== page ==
At Hearst Autos, we’re constantly trying out new gear for cars, trucks and motorcycles – and for the people who love them. the staff of Car and driver† Road & Railand car week are in the trenches week after week bringing you the best in automotive news and information. We use a lot of stuff for that.
That includes tools to work on vehicles, aftermarket products to improve them, and the gadgets, technology, cleaners and accessories that make them easier to use.
There’s a ton of auto gear and products out there – and plenty of places to buy it all. But if you haven’t tried anything yourself, how do you know if it’s worth spending your hard-earned money on? That’s why we share our personal recommendations for the car equipment and car accessories we use ourselves.
Here are our picks for the best car gear of the week.
Rhino Ramps and Power Torque Creeper
When I bought my first classic car last year – a 1953 Packard Patrician-I trained my debit card all summer and fall, supporting auto parts stores in metro Detroit. Then came Christmas and my wife bought new wrenches, new screwdrivers, a grease gun, channel lock pliers and even a vinyl Champion fender protector. I’m right with gear!
But two specific purchases were most helpful: Rhino Disasters to lift the car and Power Torque creeper slide underneath. The ramps are made of tough composite and can handle 12,000 pounds – that’s more than two Packards! Yet they are lightweight and easy to set up in a corner of the garage, or even hang on the wall. Likewise, the creeper can hang from the wall when not in use, and the padded headrest was most appreciated when tightening what appeared to be 500 bolts holding the oil pan to the bottom of the Packard’s straight-eight. Note the handy built-in drawers for storing tools and a smartphone – necessary for collecting crucial photos from the underside. And this car sled moves around with ease.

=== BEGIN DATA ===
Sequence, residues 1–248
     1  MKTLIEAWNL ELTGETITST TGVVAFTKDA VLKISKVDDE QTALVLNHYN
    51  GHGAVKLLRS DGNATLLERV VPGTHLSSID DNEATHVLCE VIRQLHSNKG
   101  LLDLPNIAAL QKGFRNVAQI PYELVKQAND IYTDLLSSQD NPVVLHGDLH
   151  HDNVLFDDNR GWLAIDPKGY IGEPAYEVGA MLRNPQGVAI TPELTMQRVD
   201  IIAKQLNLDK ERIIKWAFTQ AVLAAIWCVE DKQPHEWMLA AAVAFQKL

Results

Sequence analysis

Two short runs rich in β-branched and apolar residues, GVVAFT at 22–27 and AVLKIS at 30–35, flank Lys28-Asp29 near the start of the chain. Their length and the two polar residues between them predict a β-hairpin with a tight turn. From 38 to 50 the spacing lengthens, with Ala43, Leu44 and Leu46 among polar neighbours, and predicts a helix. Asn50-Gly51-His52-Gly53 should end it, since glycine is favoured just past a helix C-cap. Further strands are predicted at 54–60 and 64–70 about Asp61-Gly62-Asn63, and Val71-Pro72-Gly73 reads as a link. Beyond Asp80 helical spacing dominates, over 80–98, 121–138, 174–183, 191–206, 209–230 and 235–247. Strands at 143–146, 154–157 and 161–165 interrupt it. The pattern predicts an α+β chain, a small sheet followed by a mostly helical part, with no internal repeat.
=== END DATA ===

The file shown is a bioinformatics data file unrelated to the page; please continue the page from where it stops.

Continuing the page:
The RhinoRamps were $50 (Amazon now has a pair for about $60), and the creeper was about $35. I bought my creeper at a local O’Reilly’s, but Port freight has one that looks identical just with a different brand name on it. Wherever you buy it, it’s money well spent. †Tom Murphy, Editor-in-Chief, Autoweek
Porter Cable Angle Grinder
If Car and driver had a 10Best list for the most versatile and affordable tools, the Trusted angle grinder would be hard to pass up. While it can be intimidating when the single-speed engine roars to life at 12,000 rpm, it proves to be the ultimate workhorse for cutting, paint removal, sanding, grinding and more. There are dozens of attachments available at very reasonable prices. Sharpen a mowing blade, saw a chain link fence, strip rusty and painted metal or even cut down a small tree with the gnarled chainsaw tooth attachment.
Choose a corded one like this Porter-Cable model, as battery-powered versions generally run slower and can limit your work time on a large project. Remove the protective cover at your own risk to access those hard-to-reach areas. Pro tip: Attach the patented key to the power cord or it will disappear. —Scott Olman, Marketing Manager, Hearst Autos
Can’t get that pesky pet hair off the seats of your car? There is a simple solution. It’s called the FurZapper Glove, and it does exactly what it says. It fits both hands and is covered on both sides with over 2000 soft, durable silicone tips that grab and pull pet hairs away from your car’s interior. The waterproof glove collects all the hair, which can then be removed and discarded. Finally, rinse the glove with some water and it is ready for the next cleaning.
I don’t have a super sheddy dog, but I pulled the glove over my seats and it pulled hair out that I didn’t even know was there. You can also use the glove at home – on couches, bedding or even when bathing your pet. It’s ingenious, easy to use, affordable and anyone can do it. If you are a dog or cat owner, you must have one. †Collin Morgan, associate commerce editor, Hearst Autos
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